Llywelyn The Great

Today, the 11th of April, is the anniversary of the death of one of the most important Welsh Princes. I am not going to be writing about him in detail. I have written about his wife before and that can be found here.

Llywelyn succeeded in almost uniting much of Wales and in holding off the English. Sadly his dream of a united and independent Wales was not to last. Wales was largely conquered by the English under the reign of Edward I, little more than 40 years after Llywelyn’s death.

He died on the 11th of April in 1240 and was buried beneath the high altar of Aberconwy Abbey, but about forty years later Edward I wanted the land the abbey stood on to build Conwy Castle. So the monks moved the coffin containing Llywelyn’s body by river to the newly built abbey at Maenan. During the dissolution of the monasteries the coffin was moved for safe keeping to St Grwst’s church where it was forgotten about and was found covered with rubbish some 200 years later. It was then moved to the chapel in Llanrwst parish church. No one knows what happened to Llywelyn’s body.

You can see Llywelyn’s coffin below. When I saw it in 2012 it was located in a chapel out the back of the church and was quite difficult to find. There were no directions to it at all and nothing except a small sign propped up inside to distinguish it from the other random monuments in the room.

llew coffin 2llew coffin 1

Many castles you see today in Wales were in fact built by the English. Castles such as Pembroke, Manorbier, Cilgerran and Carew.  There are, however, Welsh built castles and Llywelyn was responsible for part of several of them. Such as:

Criccieth 2CricciethCriccieth Castle


Dolbardarn 2DolbardarnDolbadarn Castle

DolwythenDolwythn 2Dolwyddelan Castle

Llywelyn  truly made a mark on Welsh soil and was a great Prince who deserves to be remembered.


Statue of Llywelyn in Conwy, which is much smaller than it appears and much smaller than it should be.



The photos are all my own.

Incidentally I discovered Llywelyn many years ago in Sharon Kay Penman’s fabulous book Here Be Dragons.  As this blog is largely non fiction I don’t usually recommend historical fiction. I am making an exception in this case. Here Be Dragons is a truly wonderful book and everyone should read it.

Temple Cronan and The Burren

Temple Cronan is a small church dating to the 12th century in the unbelievably beautiful region of Ireland called The Burren.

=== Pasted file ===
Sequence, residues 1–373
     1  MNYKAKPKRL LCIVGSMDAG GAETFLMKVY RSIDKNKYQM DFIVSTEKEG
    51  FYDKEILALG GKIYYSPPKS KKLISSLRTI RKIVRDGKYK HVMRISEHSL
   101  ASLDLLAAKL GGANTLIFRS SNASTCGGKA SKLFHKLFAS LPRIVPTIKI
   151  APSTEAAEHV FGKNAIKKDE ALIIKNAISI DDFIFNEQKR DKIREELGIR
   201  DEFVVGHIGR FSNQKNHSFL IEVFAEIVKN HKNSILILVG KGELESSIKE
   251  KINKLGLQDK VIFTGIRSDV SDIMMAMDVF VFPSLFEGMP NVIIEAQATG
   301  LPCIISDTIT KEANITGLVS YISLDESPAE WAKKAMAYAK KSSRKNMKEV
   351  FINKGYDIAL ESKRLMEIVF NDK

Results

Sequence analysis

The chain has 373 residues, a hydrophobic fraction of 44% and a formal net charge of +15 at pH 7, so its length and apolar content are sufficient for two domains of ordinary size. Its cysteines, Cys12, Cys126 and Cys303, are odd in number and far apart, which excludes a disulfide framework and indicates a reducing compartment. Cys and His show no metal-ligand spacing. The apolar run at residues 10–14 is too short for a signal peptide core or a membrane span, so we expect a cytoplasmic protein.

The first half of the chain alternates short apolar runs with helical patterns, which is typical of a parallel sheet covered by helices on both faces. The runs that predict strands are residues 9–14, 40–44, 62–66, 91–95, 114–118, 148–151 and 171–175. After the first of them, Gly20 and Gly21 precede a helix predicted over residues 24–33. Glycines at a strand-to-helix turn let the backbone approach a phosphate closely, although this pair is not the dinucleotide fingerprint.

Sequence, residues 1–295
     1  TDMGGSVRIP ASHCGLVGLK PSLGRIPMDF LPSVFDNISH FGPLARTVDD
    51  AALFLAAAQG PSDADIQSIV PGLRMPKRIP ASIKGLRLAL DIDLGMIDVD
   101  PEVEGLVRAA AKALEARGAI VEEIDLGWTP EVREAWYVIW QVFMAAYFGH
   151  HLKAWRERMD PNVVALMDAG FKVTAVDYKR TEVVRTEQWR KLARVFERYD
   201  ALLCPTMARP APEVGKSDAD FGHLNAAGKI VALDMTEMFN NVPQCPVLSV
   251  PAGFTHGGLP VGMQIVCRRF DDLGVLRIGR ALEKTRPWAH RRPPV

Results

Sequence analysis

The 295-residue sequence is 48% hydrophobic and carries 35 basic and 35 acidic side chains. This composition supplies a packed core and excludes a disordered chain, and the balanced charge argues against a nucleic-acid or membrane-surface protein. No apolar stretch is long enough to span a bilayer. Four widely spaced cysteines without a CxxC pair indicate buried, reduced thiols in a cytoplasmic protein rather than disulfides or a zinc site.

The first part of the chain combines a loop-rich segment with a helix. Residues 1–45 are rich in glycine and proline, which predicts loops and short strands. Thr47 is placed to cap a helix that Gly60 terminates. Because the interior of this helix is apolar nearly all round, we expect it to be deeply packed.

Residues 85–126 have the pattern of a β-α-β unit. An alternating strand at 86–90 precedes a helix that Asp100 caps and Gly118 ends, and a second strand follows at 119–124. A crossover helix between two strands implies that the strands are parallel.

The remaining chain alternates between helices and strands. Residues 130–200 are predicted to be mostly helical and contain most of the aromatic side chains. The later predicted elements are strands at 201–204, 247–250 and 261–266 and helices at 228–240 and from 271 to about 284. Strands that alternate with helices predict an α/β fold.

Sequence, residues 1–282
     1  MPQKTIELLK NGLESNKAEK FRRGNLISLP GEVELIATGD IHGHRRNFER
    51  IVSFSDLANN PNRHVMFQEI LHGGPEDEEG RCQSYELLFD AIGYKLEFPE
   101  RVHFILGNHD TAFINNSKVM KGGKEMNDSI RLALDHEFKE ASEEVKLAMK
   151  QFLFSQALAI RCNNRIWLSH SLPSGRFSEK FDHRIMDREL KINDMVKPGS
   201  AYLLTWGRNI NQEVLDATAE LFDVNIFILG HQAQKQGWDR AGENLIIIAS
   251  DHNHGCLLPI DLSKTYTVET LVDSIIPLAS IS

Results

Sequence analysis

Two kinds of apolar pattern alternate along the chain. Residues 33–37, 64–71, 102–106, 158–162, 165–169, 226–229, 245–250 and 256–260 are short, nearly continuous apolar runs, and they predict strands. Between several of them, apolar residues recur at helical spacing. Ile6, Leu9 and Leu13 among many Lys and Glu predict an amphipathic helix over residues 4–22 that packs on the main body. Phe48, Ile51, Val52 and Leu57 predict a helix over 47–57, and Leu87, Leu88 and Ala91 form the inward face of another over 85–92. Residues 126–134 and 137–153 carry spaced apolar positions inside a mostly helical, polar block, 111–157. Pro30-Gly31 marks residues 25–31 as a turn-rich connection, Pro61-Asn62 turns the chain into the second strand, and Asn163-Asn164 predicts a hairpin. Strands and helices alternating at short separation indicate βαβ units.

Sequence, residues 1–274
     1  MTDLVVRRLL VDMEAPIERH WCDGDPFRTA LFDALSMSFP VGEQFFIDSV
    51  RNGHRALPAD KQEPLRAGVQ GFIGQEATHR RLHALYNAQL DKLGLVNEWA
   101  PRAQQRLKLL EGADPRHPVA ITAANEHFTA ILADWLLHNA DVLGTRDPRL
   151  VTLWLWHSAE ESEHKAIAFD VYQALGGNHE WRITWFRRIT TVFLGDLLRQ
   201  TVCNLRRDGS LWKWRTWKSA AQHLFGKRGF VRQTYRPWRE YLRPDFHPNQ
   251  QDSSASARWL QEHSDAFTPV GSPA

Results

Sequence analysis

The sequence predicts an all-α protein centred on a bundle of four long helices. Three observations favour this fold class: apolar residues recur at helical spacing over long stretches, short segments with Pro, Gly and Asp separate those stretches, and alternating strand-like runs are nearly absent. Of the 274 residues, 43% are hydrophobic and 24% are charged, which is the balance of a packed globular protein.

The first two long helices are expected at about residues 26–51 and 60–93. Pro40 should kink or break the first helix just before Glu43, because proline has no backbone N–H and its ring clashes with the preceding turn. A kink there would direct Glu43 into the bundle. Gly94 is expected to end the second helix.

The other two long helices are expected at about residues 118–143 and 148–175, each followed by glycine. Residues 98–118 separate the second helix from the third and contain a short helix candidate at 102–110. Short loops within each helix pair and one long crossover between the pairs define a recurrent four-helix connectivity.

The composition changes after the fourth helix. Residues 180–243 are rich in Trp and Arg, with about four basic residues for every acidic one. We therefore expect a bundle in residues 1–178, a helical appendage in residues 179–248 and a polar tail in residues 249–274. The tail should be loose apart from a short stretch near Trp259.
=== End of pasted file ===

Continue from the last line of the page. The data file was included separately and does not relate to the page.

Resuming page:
IMG_3061Part of The Burren.

The Burren is on the West Coast of Ireland in County Clare and Temple Cronan stands just out of a very small town called Carran. Temple Cronan was part of a small monastic enclosure. While much of the remains of the church are original to the 12th century the doorway with the pointed arch that you can see in the photo below was added in the 15th/16th century

IMG_3160Temple Cronan

The original doorway can be seen blocked up in the photos below.


The church at Temple Cronan measures just 6.5 by 3.1 m and it is built of local Burren stone. A significant amount of decoration survives, which is especially unusual in the such a small church. You can see some on the edge of the window frame in the photo below. IMG_3170IMG_3172Standing beside Temple Cronan and dating to an earlier period are two stone tomb shrines. One is thought to be the grave of St Cronan who was the founder of the small monastic settlement possibly in the 7th century. Both tombs would have been sites of prayer and pilgrimage. It is unknown who the second tomb belonged to.

IMG_3182IMG_3184One of the tombs, possibly St Cronan’s

My favourite part of the Temple Cronan is the carved human heads and faces that adorn the corbels of the church. They are most likely Romanesque in origin and as they have weathered they have become surprisingly haunting.


Temple Cronan stands in The Burren, which is one of the most magical places I’ve ever been. The Burren is a landscape of limestone which was laid down 340 million years ago and has weathered significantly in this time. It has in fact also been shaped by glacier movement. The glacier movement helped to create the ‘grykes’ or cracks that you can see in the photos below. It is an area of 250 square km and in some places the limestone is 17m thick.IMG_3258IMG_3242

Where the ‘lunar’ landscape of The Burren meets the coast.

This unique landscape creates the perfect conditions for an astounding array of flowers with 70% of Ireland’s native plant species found there.





For more on the plants of The Burren  http://www.pennywoodward.com.au/burren/#more-2454

Temple Cronan is not the only historical site on The Burren. In fact the region is liberally dotted with ancient tombs and and ruins.  The best known is probably Poulnabrone which dates to the Neolithic period and can be seen in the photo below. I hope to write about it and some of the others in the future.


The Burren is truly beautiful and Temple Cronan not only stands in its midst, but is built of the stone that has shapes it. Below are some photos of the enthralling landscape.


IMG_6144IMG_3071References: Site visit in 2015 and visit to The Burren  area in general in 2012.



All the photos are my own.